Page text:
What's the Difference Between Gross and Net Profit? - Fleximize

The Difference Between Gross Profit and Net Profit

Entrepreneurs often forget the difference between gross and net profit when filing their accounts or pitching for investment. Elizabeth Page explains how to calculate both for your income statement

By Elizabeth Page

When securing finance, be it through venture capital or a business loan, it’s essential to get your facts straight when it comes to the figures. Otherwise, you risk delaying the process or even deterring potential investors.

New business owners, or those who outsource their accounting, can sometimes confuse gross profit and net profit. Both are important indicators of business performance and appear on your income statement, but there are critical differences between the two values. As a small business, it’s crucial to understand what each means, as this could affect your pricing strategy, production methods, operating model, and other key decisions.

Fleximize’s financial controller, Elizabeth Page, has outlined her simple explanation of the difference between gross and net profit for business owners and how to report both metrics in your financial statements.

Elizabeth Page
What's the difference between gross and net profit?

"Gross profit is the money generated by sales after the cost of producing the goods or services has been subtracted. Net profit accounts for these too, but also includes operating costs and other overheads, like payroll, utilities, and rent."

Gross profit

Gross profit is commonly misconstrued as the amount of money brought in by a company for its goods or services. While the reality is slightly more complicated than that, gross profit is still the simplest type of profit for a business to calculate.

How to calculate gross profit

In short, gross profit is the difference in value between the total revenue generated by a product or service and the cost of producing it. The latter is commonly known as 'cost of sales' or 'direct costs' and generally includes expenditures such as raw materials, packaging, and direct labour costs. The formula for gross profit is:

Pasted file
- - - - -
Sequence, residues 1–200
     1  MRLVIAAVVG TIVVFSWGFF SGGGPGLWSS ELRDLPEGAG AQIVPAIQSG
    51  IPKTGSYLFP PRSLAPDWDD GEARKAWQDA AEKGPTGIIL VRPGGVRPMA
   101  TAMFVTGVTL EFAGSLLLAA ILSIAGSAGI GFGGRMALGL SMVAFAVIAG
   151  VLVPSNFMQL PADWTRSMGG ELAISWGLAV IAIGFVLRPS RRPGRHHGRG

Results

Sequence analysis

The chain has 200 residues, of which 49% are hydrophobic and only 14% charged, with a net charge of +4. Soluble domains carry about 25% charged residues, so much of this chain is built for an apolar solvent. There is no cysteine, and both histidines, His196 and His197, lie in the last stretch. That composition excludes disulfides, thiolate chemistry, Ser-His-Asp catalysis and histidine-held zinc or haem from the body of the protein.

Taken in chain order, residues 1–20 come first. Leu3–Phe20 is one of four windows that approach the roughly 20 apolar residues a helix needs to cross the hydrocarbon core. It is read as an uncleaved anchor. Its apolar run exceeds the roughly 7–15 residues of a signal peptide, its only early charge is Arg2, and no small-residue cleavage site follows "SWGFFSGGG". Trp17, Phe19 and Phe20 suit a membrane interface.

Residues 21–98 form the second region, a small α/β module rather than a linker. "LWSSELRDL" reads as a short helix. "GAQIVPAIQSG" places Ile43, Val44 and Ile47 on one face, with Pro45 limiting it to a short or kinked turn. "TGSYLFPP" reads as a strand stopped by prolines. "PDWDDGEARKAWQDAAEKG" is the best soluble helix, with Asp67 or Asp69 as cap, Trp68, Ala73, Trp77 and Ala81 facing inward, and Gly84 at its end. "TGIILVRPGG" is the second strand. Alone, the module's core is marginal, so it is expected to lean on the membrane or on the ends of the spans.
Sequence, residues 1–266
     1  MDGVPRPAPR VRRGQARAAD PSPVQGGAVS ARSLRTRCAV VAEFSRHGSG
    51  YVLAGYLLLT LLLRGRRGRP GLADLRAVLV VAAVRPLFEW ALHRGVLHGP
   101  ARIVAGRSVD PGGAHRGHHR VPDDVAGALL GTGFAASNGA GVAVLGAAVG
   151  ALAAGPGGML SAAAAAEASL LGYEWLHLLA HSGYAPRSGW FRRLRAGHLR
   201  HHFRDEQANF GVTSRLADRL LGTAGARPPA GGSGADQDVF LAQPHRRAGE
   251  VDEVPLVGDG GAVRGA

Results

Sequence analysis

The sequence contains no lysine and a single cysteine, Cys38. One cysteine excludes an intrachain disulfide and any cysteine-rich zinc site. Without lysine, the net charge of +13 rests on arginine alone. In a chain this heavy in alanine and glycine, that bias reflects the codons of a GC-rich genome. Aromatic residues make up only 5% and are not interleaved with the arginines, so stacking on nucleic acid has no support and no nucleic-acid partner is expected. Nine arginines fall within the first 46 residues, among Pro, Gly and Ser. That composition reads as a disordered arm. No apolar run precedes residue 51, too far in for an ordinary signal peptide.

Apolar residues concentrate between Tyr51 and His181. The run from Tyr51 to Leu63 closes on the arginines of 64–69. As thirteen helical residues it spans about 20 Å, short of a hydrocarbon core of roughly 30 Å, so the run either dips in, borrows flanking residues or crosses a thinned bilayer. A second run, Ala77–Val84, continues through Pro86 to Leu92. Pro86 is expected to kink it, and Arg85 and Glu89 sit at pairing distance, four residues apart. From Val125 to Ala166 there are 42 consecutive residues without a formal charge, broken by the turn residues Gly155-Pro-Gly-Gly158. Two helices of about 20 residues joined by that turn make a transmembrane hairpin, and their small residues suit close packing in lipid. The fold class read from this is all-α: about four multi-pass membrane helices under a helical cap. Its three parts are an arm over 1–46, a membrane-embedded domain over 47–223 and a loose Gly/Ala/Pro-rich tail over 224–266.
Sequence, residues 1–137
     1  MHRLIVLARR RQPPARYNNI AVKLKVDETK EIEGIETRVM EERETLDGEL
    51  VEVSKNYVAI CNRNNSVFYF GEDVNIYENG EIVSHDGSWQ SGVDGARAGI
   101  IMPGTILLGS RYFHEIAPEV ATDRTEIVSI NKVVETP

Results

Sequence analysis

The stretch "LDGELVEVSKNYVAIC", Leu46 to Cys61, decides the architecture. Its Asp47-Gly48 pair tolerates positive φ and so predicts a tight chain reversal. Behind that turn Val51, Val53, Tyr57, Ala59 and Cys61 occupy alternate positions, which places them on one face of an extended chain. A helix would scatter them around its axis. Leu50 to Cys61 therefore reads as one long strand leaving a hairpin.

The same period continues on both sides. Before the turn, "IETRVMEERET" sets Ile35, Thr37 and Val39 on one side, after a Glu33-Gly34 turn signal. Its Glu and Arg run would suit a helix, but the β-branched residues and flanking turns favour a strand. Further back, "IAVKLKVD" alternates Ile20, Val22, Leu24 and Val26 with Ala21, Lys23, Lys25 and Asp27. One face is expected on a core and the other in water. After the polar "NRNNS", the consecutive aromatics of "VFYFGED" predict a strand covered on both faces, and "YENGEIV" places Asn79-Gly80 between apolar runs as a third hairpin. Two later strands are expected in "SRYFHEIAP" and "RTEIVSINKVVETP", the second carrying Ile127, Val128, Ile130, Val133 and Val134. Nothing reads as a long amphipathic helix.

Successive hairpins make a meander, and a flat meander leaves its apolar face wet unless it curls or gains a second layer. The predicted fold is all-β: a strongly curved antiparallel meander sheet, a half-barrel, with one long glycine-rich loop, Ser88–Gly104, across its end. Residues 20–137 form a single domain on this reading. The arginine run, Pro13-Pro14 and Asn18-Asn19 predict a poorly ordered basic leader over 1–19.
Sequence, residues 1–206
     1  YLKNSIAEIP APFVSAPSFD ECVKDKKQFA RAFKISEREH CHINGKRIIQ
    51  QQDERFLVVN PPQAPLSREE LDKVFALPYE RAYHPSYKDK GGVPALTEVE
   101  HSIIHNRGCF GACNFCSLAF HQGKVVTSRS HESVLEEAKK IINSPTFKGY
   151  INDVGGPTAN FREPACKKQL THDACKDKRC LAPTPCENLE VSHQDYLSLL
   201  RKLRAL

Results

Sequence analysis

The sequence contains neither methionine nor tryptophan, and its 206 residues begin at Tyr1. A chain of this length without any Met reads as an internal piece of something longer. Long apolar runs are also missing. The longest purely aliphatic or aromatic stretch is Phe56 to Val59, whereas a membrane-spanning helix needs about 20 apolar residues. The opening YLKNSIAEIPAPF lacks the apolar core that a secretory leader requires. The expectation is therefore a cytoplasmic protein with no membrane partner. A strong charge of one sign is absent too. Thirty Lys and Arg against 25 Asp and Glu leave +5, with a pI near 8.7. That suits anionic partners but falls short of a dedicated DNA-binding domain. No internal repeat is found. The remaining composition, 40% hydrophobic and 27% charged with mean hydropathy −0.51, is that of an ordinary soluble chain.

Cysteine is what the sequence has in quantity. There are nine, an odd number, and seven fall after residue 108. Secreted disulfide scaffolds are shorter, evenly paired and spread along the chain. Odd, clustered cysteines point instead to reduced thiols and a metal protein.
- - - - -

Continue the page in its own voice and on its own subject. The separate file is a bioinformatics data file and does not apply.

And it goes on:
Gross profit
Gross profit = total sales - cost of goods sold

Gross profit represents the amount of value gained from the sale of a product or service. However, it doesn’t account for other costs, such as operating expenses (deducted to give operating profit) or other overheads, taxation, interest, and payroll (deducted to give net profit).

Because gross profit doesn’t account for these, it’s important to remember that it doesn’t represent your ‘real’ profit. It’s entirely possible for your gross profit to show a significantly positive figure but for your operating or net profit to be low or even negative. However, this doesn’t mean that the calculation is useless.

What does gross profit show?

Gross profit is useful for working out the value your business generates from its products or services. This can be used to decide if the profit margin for such products or services is acceptable or whether changes are needed, such as cutting production costs or raising prices. This is particularly useful as a first step towards making savings within your business.